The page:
Organized by the Museo Reina Sofía, Madrid, Tetsuya Ishida: Self-portrait of Other, travels from Spain to Wrightwood 659 and will be on display from October 3 – December 14, 2019.
The work of Japanese artist Tetsuya Ishida (Yaizu, Shizuoka, 1973–Tokyo, 2005) gives the experience of the contemporary subject a face as it explores the uncertainty and desolation of Japanese society, drastically altered by the technological advances and successive crises that have affected economies and politics the world over. More specifically, Ishida portrays, with descriptive precision, the mood of his generation, defined by the bursting bubble of finance and real estate and the mass lay-offs that plunged the country into a deep recession in 1991.
Across a short ten-year career, Ishida produced a formidable body of work centered on isolation and alienation in a world dominated by uncontrollable forces, where recurring images of school children and office workers would become a platform for asserting a forthright critique of education and labour systems driven by the imperatives of productivity and competitiveness. The metamorphosis of the human body merges with different insects, technological devices and means of transportation; claustrophobic situations see the body become physically trapped in holes and constructions or become part of an assembly line, like cogs in a machine; the search for identity, bound to the elementary need to return to childhood and a repressed eschatological component; the lost glow of amusement parks and the sadness that pervades wastelands, working to form a backdrop to the apathy of a society which has yielded to the machinery of production and infinite consumption.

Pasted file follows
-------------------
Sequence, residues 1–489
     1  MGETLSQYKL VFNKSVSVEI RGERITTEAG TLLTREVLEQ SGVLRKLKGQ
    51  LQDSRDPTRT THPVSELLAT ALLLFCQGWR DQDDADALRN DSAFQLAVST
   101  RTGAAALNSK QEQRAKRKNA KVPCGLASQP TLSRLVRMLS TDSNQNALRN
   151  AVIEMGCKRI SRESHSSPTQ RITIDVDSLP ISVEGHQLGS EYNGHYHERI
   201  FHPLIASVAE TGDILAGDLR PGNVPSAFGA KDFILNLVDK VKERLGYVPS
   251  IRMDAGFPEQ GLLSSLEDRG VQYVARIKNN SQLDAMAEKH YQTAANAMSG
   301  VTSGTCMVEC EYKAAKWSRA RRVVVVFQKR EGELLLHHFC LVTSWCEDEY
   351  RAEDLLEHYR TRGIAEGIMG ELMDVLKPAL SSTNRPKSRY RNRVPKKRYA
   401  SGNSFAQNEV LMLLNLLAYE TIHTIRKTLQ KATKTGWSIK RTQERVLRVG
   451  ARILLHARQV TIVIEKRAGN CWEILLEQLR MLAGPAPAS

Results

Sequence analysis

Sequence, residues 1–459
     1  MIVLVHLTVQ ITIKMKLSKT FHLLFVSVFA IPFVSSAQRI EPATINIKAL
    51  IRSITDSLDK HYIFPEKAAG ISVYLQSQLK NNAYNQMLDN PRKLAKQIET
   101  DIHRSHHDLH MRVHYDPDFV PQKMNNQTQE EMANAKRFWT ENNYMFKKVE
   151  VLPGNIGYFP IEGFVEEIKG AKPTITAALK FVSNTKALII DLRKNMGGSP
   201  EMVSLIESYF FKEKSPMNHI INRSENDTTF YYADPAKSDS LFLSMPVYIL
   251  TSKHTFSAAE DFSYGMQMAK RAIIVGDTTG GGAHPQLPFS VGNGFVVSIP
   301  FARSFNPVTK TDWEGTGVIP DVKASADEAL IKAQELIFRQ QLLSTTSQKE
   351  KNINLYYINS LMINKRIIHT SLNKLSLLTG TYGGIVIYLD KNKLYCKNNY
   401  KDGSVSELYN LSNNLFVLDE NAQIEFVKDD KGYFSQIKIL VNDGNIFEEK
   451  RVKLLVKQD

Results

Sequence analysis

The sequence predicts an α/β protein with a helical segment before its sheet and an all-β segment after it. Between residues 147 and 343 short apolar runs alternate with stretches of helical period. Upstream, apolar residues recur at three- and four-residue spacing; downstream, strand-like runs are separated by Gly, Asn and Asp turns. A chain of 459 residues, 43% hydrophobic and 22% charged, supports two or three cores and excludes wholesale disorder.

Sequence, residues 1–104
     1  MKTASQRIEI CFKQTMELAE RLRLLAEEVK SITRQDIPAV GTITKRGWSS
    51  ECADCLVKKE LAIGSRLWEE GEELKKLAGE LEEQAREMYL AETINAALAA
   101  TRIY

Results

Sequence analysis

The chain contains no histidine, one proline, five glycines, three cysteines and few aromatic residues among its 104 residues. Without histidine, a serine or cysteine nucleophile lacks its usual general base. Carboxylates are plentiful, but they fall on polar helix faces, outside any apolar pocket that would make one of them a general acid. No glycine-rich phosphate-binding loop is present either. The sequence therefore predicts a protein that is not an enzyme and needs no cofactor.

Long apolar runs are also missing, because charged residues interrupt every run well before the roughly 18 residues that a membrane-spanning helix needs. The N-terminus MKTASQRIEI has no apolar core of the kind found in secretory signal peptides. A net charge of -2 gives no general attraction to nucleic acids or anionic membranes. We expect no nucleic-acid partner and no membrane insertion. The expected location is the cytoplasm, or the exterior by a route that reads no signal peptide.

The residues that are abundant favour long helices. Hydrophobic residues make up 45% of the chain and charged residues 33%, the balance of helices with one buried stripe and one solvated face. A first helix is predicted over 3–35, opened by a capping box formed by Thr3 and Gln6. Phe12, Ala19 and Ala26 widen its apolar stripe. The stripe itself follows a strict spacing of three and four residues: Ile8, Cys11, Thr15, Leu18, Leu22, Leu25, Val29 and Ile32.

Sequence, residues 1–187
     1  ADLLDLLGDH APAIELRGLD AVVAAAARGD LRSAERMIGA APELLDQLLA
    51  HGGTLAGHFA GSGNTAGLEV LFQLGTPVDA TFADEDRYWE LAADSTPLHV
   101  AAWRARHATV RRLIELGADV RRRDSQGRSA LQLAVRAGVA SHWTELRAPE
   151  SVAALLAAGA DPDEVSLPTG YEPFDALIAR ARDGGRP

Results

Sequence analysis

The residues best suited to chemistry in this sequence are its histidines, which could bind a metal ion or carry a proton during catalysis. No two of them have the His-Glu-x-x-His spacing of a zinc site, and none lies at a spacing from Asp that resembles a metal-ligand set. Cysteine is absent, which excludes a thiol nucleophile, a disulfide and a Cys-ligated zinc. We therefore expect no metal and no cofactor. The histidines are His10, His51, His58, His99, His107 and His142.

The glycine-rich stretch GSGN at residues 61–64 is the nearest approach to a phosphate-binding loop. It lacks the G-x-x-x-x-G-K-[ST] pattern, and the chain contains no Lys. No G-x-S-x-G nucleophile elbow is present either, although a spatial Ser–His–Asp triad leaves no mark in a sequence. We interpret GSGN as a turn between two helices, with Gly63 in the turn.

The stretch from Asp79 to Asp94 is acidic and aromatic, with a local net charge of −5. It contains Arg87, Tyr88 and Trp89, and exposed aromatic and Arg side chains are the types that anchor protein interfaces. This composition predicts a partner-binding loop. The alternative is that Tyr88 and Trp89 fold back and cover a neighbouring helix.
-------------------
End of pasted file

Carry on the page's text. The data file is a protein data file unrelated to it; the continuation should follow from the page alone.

Tetsuya Ishida: Self-Portrait of Other is organized by the Museo Nacional Centro de Arte Reina Sofia, Madrid, in collaboration with the Halsted A&A Foundation at Wrightwood 659. Works on display have been generously loaned by the Dai-Ichi Life Insurance Company, the Hiratsuka Museum of Art, LYC Collection, the National Museum of Modern Art, Tokyo, SCAI The Bathhouse, the Shizuoka Prefectural Museum Y++ Wada Fine Arts, the artist’s estate, and private collections in Hong Kong, Korea, Singapore, and the United States.
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